If you have a love/hate relationship with buyer personas, you’re not alone. According to a 2016 survey by Customer Think, 72% of marketers are familiar with these personas, and 60% created their first persona in the past two years. Unfortunately, many search marketers. Don’t know how to use their personas or get frustrated that their personas aren’t producing. The results they expect. For this reason buyer personas have been criticized as an exercise that. While well-intentioned, can prevent marketers from producing meaningful deliverables so let’s be practical.
A typical buyer persona contains a lot
A typical buyer persona contains a lot of tricky” stuff the interests. Values behaviors and pain points that drive a particular market niche. All wrapped up in a cute name and stock photo to match. That’s good, but it’s often not very helpful when it comes to marketing metrics. Like Egypt WhatsApp Number List cost per click (cpc) or return on investment (roi). However if you add some cold hard financial facts to a buyer. You can immediately start using it to narrow down your search marketing budget. Now I know this isn’t a typical way to use personas. But it’s a great way to start using them to actually change your business.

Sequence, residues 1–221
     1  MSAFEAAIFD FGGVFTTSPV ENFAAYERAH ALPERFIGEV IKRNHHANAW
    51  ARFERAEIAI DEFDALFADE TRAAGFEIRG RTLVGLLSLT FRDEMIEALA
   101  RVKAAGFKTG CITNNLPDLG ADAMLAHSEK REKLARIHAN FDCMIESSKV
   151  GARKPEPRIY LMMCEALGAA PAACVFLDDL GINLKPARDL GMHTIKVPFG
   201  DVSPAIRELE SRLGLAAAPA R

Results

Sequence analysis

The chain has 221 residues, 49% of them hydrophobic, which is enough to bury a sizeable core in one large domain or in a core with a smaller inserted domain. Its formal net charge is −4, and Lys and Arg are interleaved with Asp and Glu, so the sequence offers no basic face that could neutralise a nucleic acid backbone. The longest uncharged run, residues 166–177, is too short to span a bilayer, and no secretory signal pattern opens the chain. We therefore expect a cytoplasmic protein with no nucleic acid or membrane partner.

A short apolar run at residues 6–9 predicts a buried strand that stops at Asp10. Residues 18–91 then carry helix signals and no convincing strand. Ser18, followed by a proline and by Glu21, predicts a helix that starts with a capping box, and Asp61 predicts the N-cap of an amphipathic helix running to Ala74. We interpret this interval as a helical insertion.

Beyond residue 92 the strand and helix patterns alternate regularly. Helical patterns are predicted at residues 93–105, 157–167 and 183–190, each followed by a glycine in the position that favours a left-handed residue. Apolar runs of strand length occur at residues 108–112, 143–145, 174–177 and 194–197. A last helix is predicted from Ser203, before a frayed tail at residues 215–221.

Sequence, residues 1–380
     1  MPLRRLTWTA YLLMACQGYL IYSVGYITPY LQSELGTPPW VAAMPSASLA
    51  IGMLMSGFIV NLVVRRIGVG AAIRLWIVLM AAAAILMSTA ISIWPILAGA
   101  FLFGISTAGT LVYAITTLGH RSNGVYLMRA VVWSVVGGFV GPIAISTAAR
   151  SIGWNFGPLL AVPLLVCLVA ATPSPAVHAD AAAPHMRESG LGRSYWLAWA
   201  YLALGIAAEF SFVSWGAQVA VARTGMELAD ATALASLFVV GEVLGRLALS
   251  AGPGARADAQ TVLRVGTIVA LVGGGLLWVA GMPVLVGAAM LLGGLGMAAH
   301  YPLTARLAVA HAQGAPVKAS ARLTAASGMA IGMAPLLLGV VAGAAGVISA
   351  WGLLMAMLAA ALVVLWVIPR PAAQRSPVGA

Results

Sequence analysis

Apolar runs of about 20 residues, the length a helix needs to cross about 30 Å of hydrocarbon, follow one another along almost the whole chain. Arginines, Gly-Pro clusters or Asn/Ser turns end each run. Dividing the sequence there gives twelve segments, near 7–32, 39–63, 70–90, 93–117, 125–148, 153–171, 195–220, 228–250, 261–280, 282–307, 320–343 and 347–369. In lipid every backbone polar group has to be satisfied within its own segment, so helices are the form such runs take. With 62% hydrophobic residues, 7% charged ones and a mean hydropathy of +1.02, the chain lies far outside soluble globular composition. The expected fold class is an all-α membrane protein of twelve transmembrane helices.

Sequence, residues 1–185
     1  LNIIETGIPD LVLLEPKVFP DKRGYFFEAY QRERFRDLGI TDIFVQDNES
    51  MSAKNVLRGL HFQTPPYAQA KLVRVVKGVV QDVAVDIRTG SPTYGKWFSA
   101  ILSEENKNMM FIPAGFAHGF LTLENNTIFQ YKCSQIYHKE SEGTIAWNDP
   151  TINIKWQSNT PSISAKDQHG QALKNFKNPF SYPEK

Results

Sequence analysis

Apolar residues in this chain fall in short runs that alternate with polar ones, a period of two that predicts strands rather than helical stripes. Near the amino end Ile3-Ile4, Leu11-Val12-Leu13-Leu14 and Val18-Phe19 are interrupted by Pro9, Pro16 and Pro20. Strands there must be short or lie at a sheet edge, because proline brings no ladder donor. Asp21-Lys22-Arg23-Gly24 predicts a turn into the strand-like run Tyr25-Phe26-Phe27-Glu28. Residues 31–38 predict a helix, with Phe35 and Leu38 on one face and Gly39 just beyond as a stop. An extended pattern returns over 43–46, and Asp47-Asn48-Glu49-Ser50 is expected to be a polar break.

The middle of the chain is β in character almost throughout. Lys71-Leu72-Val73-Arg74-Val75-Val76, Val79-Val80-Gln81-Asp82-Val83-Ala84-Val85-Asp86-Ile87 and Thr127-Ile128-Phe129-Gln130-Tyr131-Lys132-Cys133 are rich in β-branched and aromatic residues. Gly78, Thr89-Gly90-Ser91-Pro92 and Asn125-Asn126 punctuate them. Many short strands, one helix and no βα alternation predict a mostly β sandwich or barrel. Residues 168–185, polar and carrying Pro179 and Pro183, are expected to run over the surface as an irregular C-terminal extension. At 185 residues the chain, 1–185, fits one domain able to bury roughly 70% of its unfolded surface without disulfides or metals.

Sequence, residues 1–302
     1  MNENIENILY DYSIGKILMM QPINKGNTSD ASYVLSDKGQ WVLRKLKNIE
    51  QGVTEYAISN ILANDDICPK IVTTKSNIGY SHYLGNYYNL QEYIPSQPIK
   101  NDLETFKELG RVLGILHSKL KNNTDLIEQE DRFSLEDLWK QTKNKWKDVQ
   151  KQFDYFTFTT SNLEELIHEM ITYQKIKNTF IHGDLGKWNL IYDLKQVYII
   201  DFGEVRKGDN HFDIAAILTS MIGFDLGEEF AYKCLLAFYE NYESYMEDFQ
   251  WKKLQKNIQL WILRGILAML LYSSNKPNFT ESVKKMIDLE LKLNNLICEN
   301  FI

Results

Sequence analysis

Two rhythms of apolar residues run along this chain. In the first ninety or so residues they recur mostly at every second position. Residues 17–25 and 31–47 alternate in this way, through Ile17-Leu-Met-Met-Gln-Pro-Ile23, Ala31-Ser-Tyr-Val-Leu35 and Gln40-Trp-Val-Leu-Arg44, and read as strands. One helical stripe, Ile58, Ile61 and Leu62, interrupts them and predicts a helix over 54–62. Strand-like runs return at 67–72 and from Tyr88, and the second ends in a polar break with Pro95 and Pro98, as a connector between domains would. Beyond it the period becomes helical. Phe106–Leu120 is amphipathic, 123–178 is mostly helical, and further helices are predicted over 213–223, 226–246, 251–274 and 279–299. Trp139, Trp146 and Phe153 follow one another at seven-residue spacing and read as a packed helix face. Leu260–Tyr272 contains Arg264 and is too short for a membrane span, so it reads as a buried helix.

With that in mind let’s look at three financial
With that in mind, let’s look at three financial aspects of buyer personas and how to use them to create a better budget:1. Lifetime value Each buyer persona you are targeting has different goals, behaviors, backgrounds…and monetary value to your business. For example, if you sell bicycle parts, a target audience might be mechanically-minded kids who don’t want to pay for repairs at a store. You should expect small purchases from this group. If you’re also targeting people who restore vintage bikes, you can expect them to be willing to pay more to get the quality they want. However, if you’re targeting bike shops,